In order to select a desired hybridoma from the cells after the cell fusion treatment, selective proliferation of the cells in a selective medium can be used. The selection is made, for example, by diluting the cell suspension with 15% fetal calf serum (FCS)-containing RPMI-1640 medium and the like to an appropriate dilution degree, inoculating the diluted suspension on a microplate in approximately 103 to 106 cells/well, adding a selective medium (e.g., HAT medium) to each well and then further culturing by suitably exchanging the selective medium with another. Where a 8-azaguanine-resistant strain is used as the myeloma cell and HAT is used as the selective medium, myeloma cells not fused are dead within ten (10) days from the start of culture and the antibody-producing cells which are normal cells cannot grow in vitro over long periods of time. Thus, the cells which grow after 10 to 14 days can be acquired as the desired hybridoma cells.

The hybridoma capable of producing the monoclonal antibody which recognizes human pulmonary surfactant apoprotein D can be surveyed by enzyme immunoassay (EIA, ELISA), radioimmunoassay (RIA) and the like. The survey can be made by, e.g., adding the culture supernatants containing the monoclonal antibodies to 96 well microplates for ELISA, to which human pulmonary surfactant apoprotein D has been previously adsorbed, to react the monoclonal antibodies with human pulmonary surfactant apoprotein D, then reacting the bound specific antibodies either with enzyme-labeled anti-immunoglobulin antibody or with biotin-labeled anti-immunoglobulin antibody and then with enzyme-conjugated avidin D, and in any case, then adding an enzyme substrate to each well to form a color. By selecting the culture supernatant which forms a color only in the human pulmonary surfactant apoprotein D-adsorbed well, the desired hybridoma capable of producing the desired antibody which specifically reacts with human pulmonary surfactant apoprotein D can be detected.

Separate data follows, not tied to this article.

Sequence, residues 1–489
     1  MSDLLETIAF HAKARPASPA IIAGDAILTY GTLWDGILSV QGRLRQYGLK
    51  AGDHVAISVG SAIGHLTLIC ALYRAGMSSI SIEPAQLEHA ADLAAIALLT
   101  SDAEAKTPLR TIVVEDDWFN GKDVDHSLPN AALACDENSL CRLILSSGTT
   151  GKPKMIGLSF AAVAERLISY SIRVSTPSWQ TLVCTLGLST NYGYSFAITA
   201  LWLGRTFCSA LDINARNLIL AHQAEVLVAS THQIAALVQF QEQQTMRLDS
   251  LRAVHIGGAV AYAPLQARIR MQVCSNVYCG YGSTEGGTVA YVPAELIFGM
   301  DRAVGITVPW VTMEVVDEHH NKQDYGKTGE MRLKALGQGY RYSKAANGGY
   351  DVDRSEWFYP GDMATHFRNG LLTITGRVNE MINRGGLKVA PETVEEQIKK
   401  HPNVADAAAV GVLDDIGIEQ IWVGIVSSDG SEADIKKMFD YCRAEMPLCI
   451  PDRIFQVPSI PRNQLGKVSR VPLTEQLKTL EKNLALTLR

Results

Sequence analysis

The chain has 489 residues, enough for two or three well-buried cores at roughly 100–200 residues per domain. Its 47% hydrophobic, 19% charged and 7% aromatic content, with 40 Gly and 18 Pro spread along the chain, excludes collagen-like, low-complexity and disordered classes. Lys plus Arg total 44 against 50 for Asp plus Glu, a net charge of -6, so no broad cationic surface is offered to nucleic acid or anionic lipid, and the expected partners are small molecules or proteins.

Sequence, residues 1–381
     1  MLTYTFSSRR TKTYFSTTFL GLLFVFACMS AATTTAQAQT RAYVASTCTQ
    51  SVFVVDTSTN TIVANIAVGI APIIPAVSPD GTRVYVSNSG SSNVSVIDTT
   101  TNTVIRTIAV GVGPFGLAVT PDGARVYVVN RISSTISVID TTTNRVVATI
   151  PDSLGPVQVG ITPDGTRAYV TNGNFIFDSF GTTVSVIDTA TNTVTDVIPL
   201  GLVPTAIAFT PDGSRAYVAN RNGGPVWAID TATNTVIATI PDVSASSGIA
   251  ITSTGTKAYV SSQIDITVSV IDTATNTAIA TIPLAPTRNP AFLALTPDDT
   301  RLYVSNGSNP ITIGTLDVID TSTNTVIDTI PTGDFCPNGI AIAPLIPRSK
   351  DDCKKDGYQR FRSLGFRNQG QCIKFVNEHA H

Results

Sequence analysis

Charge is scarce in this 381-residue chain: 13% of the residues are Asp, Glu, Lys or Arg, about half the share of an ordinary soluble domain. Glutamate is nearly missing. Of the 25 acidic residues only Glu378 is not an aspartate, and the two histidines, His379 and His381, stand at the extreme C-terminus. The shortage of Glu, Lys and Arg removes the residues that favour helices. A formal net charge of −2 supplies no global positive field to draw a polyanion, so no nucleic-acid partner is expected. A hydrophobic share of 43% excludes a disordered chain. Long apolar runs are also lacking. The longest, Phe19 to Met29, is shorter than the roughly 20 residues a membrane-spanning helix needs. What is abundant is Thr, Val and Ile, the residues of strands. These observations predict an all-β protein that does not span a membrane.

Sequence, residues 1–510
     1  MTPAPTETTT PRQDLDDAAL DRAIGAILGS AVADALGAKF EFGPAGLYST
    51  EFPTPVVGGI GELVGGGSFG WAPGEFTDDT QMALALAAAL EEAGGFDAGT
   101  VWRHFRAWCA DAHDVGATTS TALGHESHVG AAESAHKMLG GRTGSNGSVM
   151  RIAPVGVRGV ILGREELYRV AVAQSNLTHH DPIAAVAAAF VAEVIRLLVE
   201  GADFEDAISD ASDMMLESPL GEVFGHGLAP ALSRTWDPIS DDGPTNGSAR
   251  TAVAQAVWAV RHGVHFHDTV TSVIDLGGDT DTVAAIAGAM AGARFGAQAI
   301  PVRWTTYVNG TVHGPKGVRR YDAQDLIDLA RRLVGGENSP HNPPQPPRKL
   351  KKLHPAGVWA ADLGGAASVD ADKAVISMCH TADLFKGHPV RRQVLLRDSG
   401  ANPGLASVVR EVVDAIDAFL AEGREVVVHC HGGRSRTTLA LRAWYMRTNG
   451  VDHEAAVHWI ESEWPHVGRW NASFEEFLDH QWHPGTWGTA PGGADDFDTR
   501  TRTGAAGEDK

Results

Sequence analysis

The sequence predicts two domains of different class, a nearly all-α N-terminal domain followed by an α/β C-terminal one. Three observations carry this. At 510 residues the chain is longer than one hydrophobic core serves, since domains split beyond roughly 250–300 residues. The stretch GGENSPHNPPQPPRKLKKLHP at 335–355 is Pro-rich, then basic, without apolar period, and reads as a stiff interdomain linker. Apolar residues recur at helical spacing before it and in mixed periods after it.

In the screening as described above, it is preferred to use highly purified human pulmonary surfactant apoprotein D. The monoclonal antibody of the present invention can be efficiently screened by using human pulmonary surfactant apoprotein D having a purity of 90% or more.

Cloning of the hybridoma can be performed by limiting dilution method, soft agar method, fibrin gel method, fluorescence-excited cell sorter method and the like.

The monoclonal antibody can be produced from the thus obtained hybridoma in a conventional manner such as cell culture and ascites formation.

According to cell culture, the hybridoma is cultured in a culture medium for animal cells, such as 10 to 15% FCS-containing RPMI-1640 medium and serum-free medium in a conventional manner, and the monoclonal antibodies can be collected from the culture supernatant.

In the method for recovering from the ascites, mineral oil such as pristane (2,6,10,14-tetramethyl-pentadecane) is intraperitoneally administered to animal histocompatible with the hybridoma, and the hybridoma is then intraperitoneally administered to the animal, e.g., in about 106 cells/animal in the case of mouse. The hybridoma forms ascites tumor in about 10 to 18 days and the antibodies are produced in a high level in serum and the ascites.